Seeking review of Uninvited

I was wondering if someone would be so kind as to do a review of my latest game, “Uninvited” for SPAG, IFDB, or wherever.

Hi David!

I had been waiting for someone to re-release Uninvited for so long! I was beginning to wonder if I had merely imagined hiding under the desk our Apple computer sat on as my friend’s brother played it.

I was SO excited to find your port a few weeks ago and it was great to relive the memories. Thank you so very much for doing that. I realized that I don’t think I ever finished the game. Honestly, it still creeps me out! even without the graphics or nail-biting sounds. Well done!

I’d love to write a review, yet I’ve never done so so I feel unqualified. I’m in the midst of writing my first game.

Hey –

I started to look at this, but I’m encountering some behavior I’m not sure is intentional.

[spoiler]Front Yard
You stand at the front porch of a house. This old, Gothic mansion casts gloomy shadows all around you. A sharp wind cuts through your flesh to chill your bones. The pounding thunder grows louder and more threatening. A curiously-shaped knocker adorns the front door. Flanking the front door is a pair of marble statues.

You can see a mailbo (which is closed) here.

BOOM! There is a mighty explosion behind you as your car bursts into flames. That will at least save you the cost of a tow. Better try to find your younger brother and have him call a cab instead of a tow truck.

open mailbo
You see no mailbo here.

open mailbox
You open the mailbo, revealing an envelo.

x envelo
You see no envelo here.

It looks to me as though there’s a cross-up between names shortened for a six-letter parser (except those are being printed rather than understood) and the actual understand names I7 wants to match – which is pretty confusing for the player. But if that’s an intentional preservation of some bug in the original, then… then, er, I still think it’s odd, but it changes my view of the problem, I guess.[/spoiler]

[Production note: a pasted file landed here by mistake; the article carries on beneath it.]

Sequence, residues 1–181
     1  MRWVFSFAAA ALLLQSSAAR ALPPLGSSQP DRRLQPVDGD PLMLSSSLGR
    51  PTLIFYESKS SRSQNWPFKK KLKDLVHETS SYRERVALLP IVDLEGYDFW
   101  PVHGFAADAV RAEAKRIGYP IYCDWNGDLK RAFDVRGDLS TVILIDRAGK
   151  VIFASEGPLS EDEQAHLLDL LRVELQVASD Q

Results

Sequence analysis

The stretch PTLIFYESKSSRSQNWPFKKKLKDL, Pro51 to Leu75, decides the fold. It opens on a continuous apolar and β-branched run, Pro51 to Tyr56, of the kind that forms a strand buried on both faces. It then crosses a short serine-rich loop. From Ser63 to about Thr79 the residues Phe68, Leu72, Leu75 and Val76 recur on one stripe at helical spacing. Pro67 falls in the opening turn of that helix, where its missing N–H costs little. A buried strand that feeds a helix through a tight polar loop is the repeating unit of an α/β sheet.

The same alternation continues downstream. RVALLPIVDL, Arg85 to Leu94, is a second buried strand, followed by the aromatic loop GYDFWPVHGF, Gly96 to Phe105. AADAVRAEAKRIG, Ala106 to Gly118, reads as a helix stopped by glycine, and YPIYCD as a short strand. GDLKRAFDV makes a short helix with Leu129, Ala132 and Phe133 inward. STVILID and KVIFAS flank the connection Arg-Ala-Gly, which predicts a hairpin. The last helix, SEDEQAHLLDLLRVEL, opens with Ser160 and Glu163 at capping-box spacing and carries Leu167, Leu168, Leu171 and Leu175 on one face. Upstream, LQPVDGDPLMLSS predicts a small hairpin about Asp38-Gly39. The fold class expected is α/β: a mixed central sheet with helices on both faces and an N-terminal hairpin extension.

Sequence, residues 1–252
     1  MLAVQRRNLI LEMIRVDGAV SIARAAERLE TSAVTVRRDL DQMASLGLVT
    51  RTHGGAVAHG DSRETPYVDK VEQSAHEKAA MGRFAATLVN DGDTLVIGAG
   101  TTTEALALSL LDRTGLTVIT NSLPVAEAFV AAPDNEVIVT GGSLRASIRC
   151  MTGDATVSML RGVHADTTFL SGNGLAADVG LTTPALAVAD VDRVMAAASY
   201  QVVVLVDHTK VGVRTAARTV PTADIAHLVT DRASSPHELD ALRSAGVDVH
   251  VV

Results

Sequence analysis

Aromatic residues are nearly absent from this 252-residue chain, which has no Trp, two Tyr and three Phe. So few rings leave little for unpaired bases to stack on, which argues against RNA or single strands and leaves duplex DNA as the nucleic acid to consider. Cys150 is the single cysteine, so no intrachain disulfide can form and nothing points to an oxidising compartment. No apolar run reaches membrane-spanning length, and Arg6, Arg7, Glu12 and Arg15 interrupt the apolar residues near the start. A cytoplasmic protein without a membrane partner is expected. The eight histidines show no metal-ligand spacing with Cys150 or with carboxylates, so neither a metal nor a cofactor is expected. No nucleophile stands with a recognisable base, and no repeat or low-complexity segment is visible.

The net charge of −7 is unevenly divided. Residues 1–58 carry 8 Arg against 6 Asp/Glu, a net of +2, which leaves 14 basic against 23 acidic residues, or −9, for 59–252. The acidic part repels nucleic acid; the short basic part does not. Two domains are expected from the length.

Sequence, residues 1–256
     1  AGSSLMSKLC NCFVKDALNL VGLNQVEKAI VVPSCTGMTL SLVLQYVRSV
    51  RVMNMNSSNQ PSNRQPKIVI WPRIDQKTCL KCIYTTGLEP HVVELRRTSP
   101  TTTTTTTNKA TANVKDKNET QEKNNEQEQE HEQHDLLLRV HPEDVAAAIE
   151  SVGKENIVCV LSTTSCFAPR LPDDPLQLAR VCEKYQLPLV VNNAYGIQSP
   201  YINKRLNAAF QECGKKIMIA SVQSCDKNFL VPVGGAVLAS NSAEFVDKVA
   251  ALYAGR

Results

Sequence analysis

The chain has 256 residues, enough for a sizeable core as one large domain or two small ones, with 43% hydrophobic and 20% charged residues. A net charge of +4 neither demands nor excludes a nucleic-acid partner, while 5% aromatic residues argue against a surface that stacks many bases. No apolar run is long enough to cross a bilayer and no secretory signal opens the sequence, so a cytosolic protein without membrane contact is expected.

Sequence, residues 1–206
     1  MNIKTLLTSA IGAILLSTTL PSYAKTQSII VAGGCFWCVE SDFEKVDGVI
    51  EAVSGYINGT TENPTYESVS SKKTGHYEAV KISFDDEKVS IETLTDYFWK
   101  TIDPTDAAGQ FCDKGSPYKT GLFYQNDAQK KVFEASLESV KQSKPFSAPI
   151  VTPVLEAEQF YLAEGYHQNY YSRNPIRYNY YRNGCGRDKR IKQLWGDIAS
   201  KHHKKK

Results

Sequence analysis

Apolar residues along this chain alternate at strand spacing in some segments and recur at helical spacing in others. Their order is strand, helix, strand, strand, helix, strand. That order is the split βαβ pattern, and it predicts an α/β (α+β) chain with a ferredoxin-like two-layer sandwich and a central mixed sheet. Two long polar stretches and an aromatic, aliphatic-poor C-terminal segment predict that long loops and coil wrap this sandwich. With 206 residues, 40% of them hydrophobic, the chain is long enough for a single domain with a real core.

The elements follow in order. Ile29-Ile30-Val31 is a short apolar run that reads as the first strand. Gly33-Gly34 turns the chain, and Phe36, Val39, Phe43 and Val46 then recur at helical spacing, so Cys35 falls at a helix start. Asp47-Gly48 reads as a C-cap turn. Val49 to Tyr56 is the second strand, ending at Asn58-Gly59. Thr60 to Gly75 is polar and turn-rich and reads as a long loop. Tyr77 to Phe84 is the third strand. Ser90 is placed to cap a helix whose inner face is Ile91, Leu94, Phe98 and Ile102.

I’d like to review this and I’ve added it to my radar, but I concede it may be sort of a bigger thing for me to review than other games I’ve got on my list just due to personal circumstance stuff. This stems from my lifelong awareness of the original game. I’ve actually only played it a few times, but I’ve also read a lot about it, but because of those things, looking at how it’s been translated into all text when the original features conspicuous design choices based on its graphic design (like the way the icons and scenery fob off brute-forcing solutions) - it’s just the kind of thing I’d like to take my time over dealing with and thinking about. And also, I’d probably want to try to beat the original game without leaning on too many hints, which could also take a while! So I’m just one guy who’s letting you know I personally want to review it, but my review might not happen for a fair while.

  • Wade

The bug seems to be specific to Parchment. It looks fine in Gargoyle and Spatterlight, but it’s broken here: … invited.z5

I’m guessing that recent changes to either the Inform6 compiler or library might have tickled this bug. I’ll go to the Parchment development group on Google to see what I can do.

The library hasn’t changed since 2004, and the compiler has changed very minimally – we have tried to only add new features, not change existing code. Is there an earlier version of the game that does work correctly in Parchment?

EDIT-ADD: No, wait – I see you’re using the 6/12 unreleased library. I don’t have any experience with that, so I can’t say that it isn’t the problem.

Definitely looks like the library. I compiled a baseline I6 game:

Include "Parser";
Include "VerbLib";

[ Initialise;
  location = Kitchen;

Object Kitchen "Kitchen"
  with description "This is the kitchen.",
  has light;

Object -> macaroon "macaroon"
  with name 'macaroon';

Object -> glovebox "glovebox"
  with name 'glovebox' 'glove' 'box';

Include "Grammar";

I used the 6/12 library as found in frotz’s recent inform-6.33.1-b1 upload. Bug appears: … est-612.z5

Compiling the same game for Glulx doesn’t show any obvious problems. (In either glulxe or quixe.)

I fear that David’s reimplementation is not getting the love it deserves. He managed to convert the humor, suspense, and horror of the original graphic game into a more pungent text version. All the hidden surprises are there, too. This game should be high on people’s best-game lists!